Dissecting Q1 2019
2019 started with a bang, as equities had one of their best quarters in recent memory and fixed income managed to post positive returns as well. We attribute the rebound in equities to the combination of solid earnings and an overdone selloff in the fourth quarter of 2018. We highlighted this oversold condition in our December report “Why We Are Buying (Reprise).” We do not subscribe to market timing but feel pretty good about calling the bottom of the market (okay… we were a day off). While we attribute the timing more to luck than skill, it does highlight the fact the over time, fundamentals trump sentiment, and in the long-run, the market should reward the patient investor.
Equities up but not stretched
Stocks rallied in Q1 with 90% of companies in the S&P 500 up. Growth outpaced Value and Domestic stocks outpaced International. The rally came despite the challenging backdrop of weakening economies globally, uncertain progress with Chinese trade talks, and a disruptive Brexit process.
The rally boosted stock valuations, but they remain well within the normal historical range. Small Cap and Value stocks are two of the cheapest segments of the market in our opinion.
Chart 1: Equity valuations not stretched
The Q1 rebound in stocks has pushed up valuations only modestly. We see the lowest valuations in Value and Small Cap stocks.
It was hard to find a segment of the market that did not go up in the first quarter of 2019, but there were some relative winners. The continued dominance of Growth over Value was the most notable trend. Looking back over the past year, we also see Large Cap meaningfully outpacing Small Cap.
Chart 2: Growth is still dominating
Most segments of the market went up in Q1, but it was Growth that saw the greatest gains. That is a continuation of the trend of the past year, where Large Cap Growth has far outpaced Small Cap Value.
The Fed is getting soft
The Federal Reserve softened its language on plans for increasing the Funds Rate. The change pushed interest rates back down, boosting bonds. The yield curve remains inverted at the short end, which we do not yet see as an immediate recession signal, but instead a caution flag to keep an eye on.
Internationally, the story in fixed income is historically low yields. Nearly 20% of global investment grade debt trades with a negative yield. Most bonds with negative yields originate in the EU and Japan.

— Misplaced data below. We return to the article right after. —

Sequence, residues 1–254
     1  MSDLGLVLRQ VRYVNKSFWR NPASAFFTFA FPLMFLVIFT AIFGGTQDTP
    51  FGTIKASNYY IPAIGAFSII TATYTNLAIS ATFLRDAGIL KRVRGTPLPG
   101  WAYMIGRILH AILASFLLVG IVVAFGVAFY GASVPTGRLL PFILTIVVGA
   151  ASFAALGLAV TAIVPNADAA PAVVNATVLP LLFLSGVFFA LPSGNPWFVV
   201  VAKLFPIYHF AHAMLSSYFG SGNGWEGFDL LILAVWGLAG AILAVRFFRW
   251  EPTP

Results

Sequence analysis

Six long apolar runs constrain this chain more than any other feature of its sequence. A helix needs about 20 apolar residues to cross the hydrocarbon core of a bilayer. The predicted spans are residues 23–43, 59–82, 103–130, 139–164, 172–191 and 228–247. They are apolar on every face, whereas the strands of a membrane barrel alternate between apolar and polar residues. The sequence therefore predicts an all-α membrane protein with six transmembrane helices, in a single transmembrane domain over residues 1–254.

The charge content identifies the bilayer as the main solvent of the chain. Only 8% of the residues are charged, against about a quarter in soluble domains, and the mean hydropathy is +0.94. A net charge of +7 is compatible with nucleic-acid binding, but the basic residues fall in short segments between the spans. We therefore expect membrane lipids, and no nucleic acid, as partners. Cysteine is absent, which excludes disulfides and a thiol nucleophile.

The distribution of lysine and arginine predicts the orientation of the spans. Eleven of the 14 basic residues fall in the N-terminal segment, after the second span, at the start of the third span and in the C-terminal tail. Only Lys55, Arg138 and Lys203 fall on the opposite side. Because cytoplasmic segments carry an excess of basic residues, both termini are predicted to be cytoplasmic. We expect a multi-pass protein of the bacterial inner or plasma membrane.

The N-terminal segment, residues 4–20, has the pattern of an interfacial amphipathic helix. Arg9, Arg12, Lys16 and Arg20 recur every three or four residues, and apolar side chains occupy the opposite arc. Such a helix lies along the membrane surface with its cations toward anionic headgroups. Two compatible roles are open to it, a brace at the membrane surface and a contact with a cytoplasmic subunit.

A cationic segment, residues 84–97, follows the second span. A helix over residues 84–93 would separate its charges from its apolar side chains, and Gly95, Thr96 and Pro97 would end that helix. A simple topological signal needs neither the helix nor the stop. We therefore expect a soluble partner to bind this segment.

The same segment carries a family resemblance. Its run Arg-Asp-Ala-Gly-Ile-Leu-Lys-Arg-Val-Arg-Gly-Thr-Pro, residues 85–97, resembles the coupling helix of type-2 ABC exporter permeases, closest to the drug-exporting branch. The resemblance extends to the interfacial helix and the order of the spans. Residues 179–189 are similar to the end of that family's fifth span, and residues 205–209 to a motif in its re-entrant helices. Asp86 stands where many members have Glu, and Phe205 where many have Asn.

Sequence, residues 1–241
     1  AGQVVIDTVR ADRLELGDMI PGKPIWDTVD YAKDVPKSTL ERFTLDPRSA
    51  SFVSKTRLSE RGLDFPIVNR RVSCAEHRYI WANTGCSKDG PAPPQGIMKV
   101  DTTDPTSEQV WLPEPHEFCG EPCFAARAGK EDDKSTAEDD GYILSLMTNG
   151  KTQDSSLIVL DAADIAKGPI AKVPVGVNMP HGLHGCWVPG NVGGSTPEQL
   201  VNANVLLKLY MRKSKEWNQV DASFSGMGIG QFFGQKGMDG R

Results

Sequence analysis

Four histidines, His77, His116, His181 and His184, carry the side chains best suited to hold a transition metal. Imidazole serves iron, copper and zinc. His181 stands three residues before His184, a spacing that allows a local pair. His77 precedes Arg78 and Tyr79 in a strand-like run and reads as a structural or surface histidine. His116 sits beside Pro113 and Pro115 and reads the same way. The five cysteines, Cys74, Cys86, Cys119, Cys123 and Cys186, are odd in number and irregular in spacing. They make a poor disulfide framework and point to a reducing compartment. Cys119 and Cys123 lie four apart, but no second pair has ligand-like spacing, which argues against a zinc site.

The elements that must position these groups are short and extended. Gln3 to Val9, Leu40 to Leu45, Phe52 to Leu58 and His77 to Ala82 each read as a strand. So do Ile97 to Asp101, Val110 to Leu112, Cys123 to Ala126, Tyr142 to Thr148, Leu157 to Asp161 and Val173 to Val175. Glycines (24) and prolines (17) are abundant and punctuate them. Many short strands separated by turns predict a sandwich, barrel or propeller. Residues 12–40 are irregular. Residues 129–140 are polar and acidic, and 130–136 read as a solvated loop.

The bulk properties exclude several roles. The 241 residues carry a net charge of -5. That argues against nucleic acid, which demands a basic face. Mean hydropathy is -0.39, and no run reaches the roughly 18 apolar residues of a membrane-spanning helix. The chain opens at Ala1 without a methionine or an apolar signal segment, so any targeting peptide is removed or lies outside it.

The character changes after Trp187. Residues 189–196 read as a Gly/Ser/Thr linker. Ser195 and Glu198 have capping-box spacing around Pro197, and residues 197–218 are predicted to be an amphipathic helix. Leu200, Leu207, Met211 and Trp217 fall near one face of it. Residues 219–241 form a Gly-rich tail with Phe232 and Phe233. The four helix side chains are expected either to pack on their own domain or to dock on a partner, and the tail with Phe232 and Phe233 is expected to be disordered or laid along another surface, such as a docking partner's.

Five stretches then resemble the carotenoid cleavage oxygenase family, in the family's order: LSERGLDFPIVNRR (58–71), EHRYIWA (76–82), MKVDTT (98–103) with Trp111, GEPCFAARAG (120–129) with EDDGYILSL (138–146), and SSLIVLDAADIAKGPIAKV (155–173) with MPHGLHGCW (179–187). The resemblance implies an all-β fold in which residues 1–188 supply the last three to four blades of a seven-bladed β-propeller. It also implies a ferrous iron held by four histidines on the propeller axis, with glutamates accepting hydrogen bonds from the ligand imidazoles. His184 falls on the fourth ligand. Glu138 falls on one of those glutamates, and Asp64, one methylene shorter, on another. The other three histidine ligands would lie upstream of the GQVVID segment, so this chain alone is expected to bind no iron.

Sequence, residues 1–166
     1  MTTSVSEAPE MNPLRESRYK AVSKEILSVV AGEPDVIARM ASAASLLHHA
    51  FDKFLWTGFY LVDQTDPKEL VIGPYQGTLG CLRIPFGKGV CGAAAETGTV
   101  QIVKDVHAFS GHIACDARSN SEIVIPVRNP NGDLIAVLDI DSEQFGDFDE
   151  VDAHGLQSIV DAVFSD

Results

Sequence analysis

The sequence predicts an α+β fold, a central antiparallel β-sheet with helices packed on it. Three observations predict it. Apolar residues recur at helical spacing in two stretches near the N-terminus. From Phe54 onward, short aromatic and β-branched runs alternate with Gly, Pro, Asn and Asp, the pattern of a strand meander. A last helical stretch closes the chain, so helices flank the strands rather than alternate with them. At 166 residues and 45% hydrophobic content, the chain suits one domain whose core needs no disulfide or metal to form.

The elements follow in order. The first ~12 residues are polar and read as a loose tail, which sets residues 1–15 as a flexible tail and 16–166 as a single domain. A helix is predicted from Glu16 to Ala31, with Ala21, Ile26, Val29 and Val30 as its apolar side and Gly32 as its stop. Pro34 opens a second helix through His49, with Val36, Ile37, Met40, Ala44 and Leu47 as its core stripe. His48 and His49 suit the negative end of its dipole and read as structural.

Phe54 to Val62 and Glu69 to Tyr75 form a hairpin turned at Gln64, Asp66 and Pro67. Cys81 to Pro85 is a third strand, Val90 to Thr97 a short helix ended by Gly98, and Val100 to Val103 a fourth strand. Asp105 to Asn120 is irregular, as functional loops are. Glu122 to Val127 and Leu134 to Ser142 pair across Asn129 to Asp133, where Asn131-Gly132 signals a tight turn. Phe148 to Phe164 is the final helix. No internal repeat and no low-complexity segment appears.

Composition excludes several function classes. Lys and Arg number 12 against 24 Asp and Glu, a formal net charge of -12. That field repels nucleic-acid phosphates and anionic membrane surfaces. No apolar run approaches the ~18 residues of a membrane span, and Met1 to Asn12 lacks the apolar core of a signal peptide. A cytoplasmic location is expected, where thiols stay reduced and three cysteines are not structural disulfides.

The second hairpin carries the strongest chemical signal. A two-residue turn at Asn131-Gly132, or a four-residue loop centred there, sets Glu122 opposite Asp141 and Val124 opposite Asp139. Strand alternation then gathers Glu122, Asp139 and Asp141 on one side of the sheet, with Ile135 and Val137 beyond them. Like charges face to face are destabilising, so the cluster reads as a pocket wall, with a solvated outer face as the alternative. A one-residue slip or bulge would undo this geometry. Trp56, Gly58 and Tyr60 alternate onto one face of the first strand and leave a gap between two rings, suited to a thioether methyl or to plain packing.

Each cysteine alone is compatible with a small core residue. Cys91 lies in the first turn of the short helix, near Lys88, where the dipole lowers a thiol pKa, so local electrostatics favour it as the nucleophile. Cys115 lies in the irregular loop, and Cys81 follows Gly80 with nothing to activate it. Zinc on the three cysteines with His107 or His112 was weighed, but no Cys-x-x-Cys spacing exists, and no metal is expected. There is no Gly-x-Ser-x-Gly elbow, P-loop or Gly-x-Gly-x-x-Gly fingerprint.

Chart 3: Yields down and still inverted
The Fed put rates on hold in Q1 and opened the door to fewer (if any) increases throughout the rest of the year. The softer language boosted bonds. The short end of the yield curve remains inverted, but we do not see this as a clear recession signal.
Asset allocation – up, up, and away
Markets were in “risk-on” mode, as all major assets classes were up in the first quarter. Real Estate and Commodities were on top of the leaderboard, followed by Domestic and International Equities. Even Fixed Income and Gold managed positive returns, though far more modest than what we saw from the other asset classes.
Chart 4: Assets up across the board
Returns were positive across many assets in the first quarter. Real Estate and Commodities topped the charts, followed by Domestic and International Equities. Fixed Income and Gold also managed positive, though more modest, returns.
The Q2 2019 Playbook
With equity markets near all-time highs, global economies showing cracks, and the yield curve inverted (a traditional recession indicator), how should investors be positioned as we enter the second quarter of 2019?
Our take on the current environment
- The U.S. economy is still growing. While growth is not accelerating, it is fairly stable, and the Fed showed in March, with their softer language, that they are still comfortable remaining accommodative.
- The latest data out of China was more encouraging, and a U.S./China trade deal could boost confidence and activity more broadly. Brexit is still a wildcard, but nobody wants a hard exit, so we believe somehow that the worst case scenario will be avoided.
- The inverted yield curve cannot be ignored, as it has historically been a recession precursor. However, in the past it has been the inversion of the 2-year and 10-year yields that has been used as a recession flag. That portion of the curve is not inverted.
Taking the above into account, we do not foresee a near-term end to the current economic expansion. Yes, we are likely in the latter part of the economic cycle, but we could be here for some time, and we see no reason to be overly conservative. Also, our philosophy is evolving in a way that should enable us to capture more advantageous market exposure across the business cycle.
So what are we doing?
- Focusing on a broader array of investment “factors” that have been shown over time to advantage portfolios. Not just Quality (profitable companies) and Value (cheap stocks), which have always been staples of our process, but also Size (small market cap), Momentum (stock price rising), and Minimum Volatility (low price variability).
- Increasingly moving our models towards an equal split between Large, Mid, and Small Cap equities. We believe our search for positive investment “factors” is best achieved by searching equally across the full investible market.
- Adding extra exposure to “Momentum” in our more aggressive model portfolios where maximizing returns takes priority over reducing risks.
- Adding extra exposure to “Minimum Volatility” for more conservative portfolios, where near-term market weakness is more concerning.
- Maintaining well-diversified asset allocation which includes exposure to international markets and hard assets, like Gold
The Strategic team would like to thank all of our clients for your confidence and input. Enjoy the Spring!
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